A new edition of the Meat Atlas, co-published by Friends of the Earth, found something astonishing. Just 20 meat and dairy corporations emit more greenhouse gas emissions than Germany or the UK do. Food production is also one of the main drivers of the destruction of Earth’s ecosystems — forests, grasslands, and marine environments. And agribusinesses all too often capture the water, land, and climate “space” of independent producers and rural communities, threaten or violate their rights, and then gobble up government resources through billions of dollars in public subsidies.

It isn’t right and it isn’t sustainable, and it poses huge risks for the climate, as well as human rights, food sovereignty, animal welfare and rights, public health, and biodiversity. Scientists, farmers, and activists are warning that we can’t meet the Paris climate agreement’s goals if we don’t cut emissions from food systems, and especially animal agriculture.

We also know that the health of the environment, other animals, and human beings are deeply intertwined. These linkages have to become central to how we plan and how we act. COVID has shown us this beyond a shadow of a doubt. Sixty percent of emerging infectious diseases around the world are zoonoses — they come from animals, both wild and domesticated. The U.S., Germany, and other countries have seen outbreaks of avian and swine flu in recent years; China and Vietnam have had African swine virus. Each is devastating to millions of farmed animals and to agricultural producers and poses threats to human health, too.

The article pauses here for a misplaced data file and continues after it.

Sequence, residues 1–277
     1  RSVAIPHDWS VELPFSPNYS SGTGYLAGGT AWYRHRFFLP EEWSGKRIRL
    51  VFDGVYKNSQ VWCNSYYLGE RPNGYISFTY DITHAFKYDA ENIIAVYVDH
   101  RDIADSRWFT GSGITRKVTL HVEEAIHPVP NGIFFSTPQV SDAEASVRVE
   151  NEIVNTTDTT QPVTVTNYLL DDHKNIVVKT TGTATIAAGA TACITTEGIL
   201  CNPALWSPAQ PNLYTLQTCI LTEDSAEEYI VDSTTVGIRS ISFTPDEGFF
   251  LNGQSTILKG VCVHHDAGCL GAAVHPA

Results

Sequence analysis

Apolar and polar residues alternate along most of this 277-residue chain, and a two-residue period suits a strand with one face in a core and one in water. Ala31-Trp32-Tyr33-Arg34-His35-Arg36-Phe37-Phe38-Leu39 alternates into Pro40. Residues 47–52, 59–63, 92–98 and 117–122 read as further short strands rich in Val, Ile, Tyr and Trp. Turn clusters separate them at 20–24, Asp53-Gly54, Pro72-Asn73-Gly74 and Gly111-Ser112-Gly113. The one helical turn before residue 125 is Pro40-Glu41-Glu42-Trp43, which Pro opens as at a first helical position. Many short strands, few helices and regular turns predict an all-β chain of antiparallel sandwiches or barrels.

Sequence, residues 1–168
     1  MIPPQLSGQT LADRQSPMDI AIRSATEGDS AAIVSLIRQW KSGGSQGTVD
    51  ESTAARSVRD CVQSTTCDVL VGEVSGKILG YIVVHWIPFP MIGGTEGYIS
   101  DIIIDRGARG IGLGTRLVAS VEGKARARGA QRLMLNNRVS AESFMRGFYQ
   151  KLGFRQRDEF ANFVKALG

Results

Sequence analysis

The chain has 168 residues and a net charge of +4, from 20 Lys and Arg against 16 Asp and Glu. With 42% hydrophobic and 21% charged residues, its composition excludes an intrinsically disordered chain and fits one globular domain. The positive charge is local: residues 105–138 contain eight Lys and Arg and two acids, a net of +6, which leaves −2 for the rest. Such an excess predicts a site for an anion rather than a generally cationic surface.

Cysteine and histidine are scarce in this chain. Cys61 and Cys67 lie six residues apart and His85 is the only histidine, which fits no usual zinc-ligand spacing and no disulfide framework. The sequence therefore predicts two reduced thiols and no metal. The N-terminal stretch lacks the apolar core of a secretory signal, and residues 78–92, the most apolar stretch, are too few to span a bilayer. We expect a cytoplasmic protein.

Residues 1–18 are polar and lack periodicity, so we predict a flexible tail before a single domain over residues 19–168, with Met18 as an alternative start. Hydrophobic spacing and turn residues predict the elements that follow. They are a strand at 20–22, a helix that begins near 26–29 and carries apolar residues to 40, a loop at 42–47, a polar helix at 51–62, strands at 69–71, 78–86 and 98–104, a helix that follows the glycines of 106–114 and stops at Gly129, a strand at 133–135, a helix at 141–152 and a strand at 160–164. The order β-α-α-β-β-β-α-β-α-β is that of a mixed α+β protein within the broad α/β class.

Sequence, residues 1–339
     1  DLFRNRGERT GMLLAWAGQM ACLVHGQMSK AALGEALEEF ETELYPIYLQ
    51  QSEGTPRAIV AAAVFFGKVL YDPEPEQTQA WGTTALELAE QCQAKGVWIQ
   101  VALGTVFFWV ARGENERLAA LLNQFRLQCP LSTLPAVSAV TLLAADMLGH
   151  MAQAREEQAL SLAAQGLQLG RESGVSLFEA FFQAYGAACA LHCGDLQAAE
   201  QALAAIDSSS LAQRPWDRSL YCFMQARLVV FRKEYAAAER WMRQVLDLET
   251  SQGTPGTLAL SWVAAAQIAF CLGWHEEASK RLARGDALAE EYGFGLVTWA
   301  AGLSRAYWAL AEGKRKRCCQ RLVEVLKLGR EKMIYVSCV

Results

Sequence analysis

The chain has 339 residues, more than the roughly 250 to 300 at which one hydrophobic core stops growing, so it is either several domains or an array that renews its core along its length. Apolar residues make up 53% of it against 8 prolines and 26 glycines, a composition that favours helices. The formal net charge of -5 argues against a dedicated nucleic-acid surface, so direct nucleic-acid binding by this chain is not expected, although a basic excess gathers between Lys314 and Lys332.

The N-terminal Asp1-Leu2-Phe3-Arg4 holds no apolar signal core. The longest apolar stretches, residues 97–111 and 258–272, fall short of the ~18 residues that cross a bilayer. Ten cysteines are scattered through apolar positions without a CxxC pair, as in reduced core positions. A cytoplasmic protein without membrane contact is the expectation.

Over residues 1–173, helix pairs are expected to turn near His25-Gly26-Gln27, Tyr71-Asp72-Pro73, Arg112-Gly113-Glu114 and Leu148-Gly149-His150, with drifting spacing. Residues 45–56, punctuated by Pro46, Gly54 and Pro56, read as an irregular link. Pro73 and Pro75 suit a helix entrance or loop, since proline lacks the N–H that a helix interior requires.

We know that for the animals, “standard” industrial production is a nightmare as far as their welfare is concerned. Literally, billions of farmed animals in industrial systems are crammed into overcrowded cages, stalls, or the floors of buildings. Few can feel the sun or breathe fresh air. Almost all of them have natural behaviors, like roosting or bathing, or reproducing, harshly controlled. And their waste pollutes waterways and land and heats the climate. While factory farming was born in the U.S., it’s been exported to many, many countries, relying on many enablers.

How can this be the future of the food system or the earth? It can’t be. Science and ethics and the persistence of myriad injustices tell us so. A recent report from the T. H. Chan School of Public Health at the U.S.’s Harvard University concluded that protecting forests and changing agricultural practices are essential and cost-effective strategies to prevent future pandemics. I quote one of the researchers’ key findings: “Spillover of possible pandemic pathogens occurs from livestock operations; wildlife hunting and trade; land-use change — and the destruction of tropical forests in particular; expansion of agricultural lands, especially near human settlements; and rapid, unplanned urbanization.” We’re going to have to reverse many of the trends we see now and move forward in new ways — rapidly.